Table 1: Laboratory tests results of patients intoxicated by Movento 100SC pesticide

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Figure 1: Electrocardiogram of patients intoxicated by Movento 100SC pesticide

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   Discussion Top


Animal studies showed that STM is fast and near completely absorbed from gastrointestinal tract and reaches maximum level in plasma within 0.09–2.03 h after administration, with the highest concentration in kidney and liver. However, the species differences in metabolism of STM should be considered.[3]

Based on literature reviews, the mammalian acute toxicity of STM is low. The oral LD50 in rat is >2000 mg/kg. Norwegian Scientific Committee for Food safety also concluded that STM has low acute oral or inhalation toxicity. According to animal studies, STM can irritate upper airways transiently; however, this case did not show any sign of irritation.[1]

It has been also revealed that acute administration of a single dose (>200 mg/kg) STM in dogs can induce clinical manifestations of neurotoxicity such as seizures, ataxia, decrease in activity and neural swelling.[3] Our case has not suffered any motor and neurological abnormality.

Falcón-Etchechury et al. evaluated the behavior, biochemical markers, and histological changes of rat liver cells after oral administration of STM at doses lower than LD50. The most common reported symptoms were diarrhea, salivation, ataxia, rhinitis, convulsions, and bleeding.[4] In our case, the STM-intoxicated patient has suffered from salivation and diarrhea.

STM, the main active ingredient of M100, bonds to carboxyl transfers site of the ACC. Carboxylation of acetyl-CoA to malonyl-CoA (MCA) is catalyzed by ACC. MCA is the rate limiting steps of fatty acid biosynthesis.[5] There are two isoforms of ACC in human, Type 1 and 2. Type 1 is a cytosolic ACC in lipogenic tissues and ACC2 is a mitochondrial enzyme in heart and liver tissues. The animal short term toxicological studies of STM showed no significant changes in plasma lipid parameters. Although high lipid levels have been reported in some animal studies.[4] Furthermore, GeDaQing found that the lipid profile of Bemisia tabaci biotype B nymphs fed by STM soaked leaves reduced after the 2nd day.[6] Unfortunately, we did not check the lipid profile of the patient.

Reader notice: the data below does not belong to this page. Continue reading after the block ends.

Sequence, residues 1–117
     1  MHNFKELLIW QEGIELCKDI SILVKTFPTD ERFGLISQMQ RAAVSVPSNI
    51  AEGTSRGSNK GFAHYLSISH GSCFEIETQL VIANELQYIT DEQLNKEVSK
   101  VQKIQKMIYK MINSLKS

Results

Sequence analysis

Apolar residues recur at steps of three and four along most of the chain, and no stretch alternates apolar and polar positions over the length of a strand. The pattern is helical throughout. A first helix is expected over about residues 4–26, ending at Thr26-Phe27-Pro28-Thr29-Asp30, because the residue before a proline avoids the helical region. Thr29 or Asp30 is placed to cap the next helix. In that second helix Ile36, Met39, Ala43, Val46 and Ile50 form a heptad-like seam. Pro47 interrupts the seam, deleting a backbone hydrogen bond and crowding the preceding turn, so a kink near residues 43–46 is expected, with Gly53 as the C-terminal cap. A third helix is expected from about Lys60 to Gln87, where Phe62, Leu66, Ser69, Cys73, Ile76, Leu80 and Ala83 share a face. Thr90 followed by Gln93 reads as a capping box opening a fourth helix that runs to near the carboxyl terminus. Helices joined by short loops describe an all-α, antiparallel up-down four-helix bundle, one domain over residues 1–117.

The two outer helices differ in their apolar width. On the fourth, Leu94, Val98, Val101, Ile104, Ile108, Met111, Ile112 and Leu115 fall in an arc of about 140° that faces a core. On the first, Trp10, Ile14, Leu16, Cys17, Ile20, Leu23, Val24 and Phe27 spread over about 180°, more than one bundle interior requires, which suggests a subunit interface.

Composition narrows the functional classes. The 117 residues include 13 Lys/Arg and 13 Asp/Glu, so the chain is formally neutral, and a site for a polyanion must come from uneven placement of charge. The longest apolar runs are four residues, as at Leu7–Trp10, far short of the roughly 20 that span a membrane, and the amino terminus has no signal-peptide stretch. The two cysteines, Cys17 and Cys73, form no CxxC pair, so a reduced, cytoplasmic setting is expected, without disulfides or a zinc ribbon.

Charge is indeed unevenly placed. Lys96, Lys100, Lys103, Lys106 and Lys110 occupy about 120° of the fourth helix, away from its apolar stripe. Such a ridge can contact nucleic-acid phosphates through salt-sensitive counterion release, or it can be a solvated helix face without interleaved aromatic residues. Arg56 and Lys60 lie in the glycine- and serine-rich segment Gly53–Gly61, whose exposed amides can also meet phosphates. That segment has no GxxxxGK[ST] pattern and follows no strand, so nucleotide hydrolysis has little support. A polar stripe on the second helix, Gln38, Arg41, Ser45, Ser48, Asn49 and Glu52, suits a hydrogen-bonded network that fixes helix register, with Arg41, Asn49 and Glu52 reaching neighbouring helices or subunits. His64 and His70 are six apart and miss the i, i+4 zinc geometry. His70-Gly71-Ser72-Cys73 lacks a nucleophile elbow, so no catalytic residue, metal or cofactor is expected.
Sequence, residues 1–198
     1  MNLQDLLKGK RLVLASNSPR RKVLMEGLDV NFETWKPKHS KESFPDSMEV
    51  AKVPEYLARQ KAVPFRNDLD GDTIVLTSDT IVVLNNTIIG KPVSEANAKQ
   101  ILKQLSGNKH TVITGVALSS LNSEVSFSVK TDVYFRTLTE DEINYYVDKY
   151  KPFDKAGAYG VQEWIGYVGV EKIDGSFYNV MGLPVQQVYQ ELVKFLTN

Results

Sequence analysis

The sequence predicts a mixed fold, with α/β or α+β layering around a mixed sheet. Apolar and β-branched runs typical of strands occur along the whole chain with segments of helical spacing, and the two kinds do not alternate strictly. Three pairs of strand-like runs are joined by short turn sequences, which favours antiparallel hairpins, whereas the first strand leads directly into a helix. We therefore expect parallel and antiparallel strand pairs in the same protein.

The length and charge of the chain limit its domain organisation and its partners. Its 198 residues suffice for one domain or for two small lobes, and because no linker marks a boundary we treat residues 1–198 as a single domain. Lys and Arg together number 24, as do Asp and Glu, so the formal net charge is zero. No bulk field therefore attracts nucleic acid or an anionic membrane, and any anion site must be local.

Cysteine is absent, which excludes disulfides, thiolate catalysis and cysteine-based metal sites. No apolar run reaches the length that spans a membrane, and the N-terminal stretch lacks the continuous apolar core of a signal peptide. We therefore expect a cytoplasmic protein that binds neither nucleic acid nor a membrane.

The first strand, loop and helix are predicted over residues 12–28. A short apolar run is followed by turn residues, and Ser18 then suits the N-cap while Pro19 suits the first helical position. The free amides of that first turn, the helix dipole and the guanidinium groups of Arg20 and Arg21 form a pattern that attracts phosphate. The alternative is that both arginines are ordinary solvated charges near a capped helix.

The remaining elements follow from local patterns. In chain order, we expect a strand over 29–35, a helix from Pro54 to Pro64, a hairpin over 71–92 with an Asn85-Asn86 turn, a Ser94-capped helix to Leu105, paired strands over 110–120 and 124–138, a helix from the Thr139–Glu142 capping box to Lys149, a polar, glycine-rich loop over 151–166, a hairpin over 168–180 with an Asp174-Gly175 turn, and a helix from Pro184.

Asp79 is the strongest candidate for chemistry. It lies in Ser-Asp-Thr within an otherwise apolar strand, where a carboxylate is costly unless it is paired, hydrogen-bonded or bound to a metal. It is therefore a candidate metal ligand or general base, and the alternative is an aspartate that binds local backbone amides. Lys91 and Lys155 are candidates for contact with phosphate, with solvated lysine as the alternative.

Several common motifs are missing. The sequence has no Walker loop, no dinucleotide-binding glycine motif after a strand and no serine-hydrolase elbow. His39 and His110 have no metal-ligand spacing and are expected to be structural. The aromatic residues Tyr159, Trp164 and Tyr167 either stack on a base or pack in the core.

It has been revealed that STM dropped leaves feeding can reduce the BS level of nymphs on the 2nd day.[6] Oh, et al. evaluated BS of ACC2 knockout mice and also reported a reduction in BS and tissue glycogen.[7] However, Furler et al. did not report any decrease in glucose clearance resulted in acute administration of the ACC inhibitor, CP-640186, in the rat. Abu-Elheiga et al. showed the ACC2 knockout mice had lower cardiac and skeletal muscle MCA that resulted in reducing total body fat, BS, and free fatty acid.[8] Administration of ESP-55016; potent allosteric inhibitors of ACC activity; and Acyl sulfonamides and related analogs; another ACC activity inhibitors; can also decrease BS level. Our patient also suffered from hypoglycemia that may be related to STM-induced ACC inhibition. We could not find similar cases in the literature.

Shukry et al. reported 54 case series of fenoxaprop-P-ethyl poisoning (FPPE). FPPE is another pesticide that inhibits ACC. The most common manifestations of patients were a high rate of vomiting and burning epigastric pain that also observed in our patient. Shukry et al. did not report any cardiovascular, respiratory, or neurological problems. They did not provide any laboratory test results, and we assumed that they were normal.[9]

MCA is the center regulator of fatty acid oxidation in the heart and is a potent inhibitor of mitochondrial fatty acid uptake. The level of MCA is regulated by activity of two enzymes, ACC and MCA decarboxylase. The heart and skeletal muscles have a limited capacity of fatty acid oxidation. Fatty acid oxidation is major source of the heart energy through ischemia and is mainly regulated by levels of MCA controlling mitochondrial fatty acid uptake. The agents that inhibit fatty acid oxidation apply for protection of ischemic heart damages.[10] Decrease level of MCA is an etiology of high fatty acid oxidation rates during ischemic reperfusion. ACC inhibition can potentially affect the development of ischemia/reperfusion injury.[11] Our patient's EKG showed reversible ischemic pattern that may be related to M100 (STM) ingestion. We could not find any similar record in human and animal studies.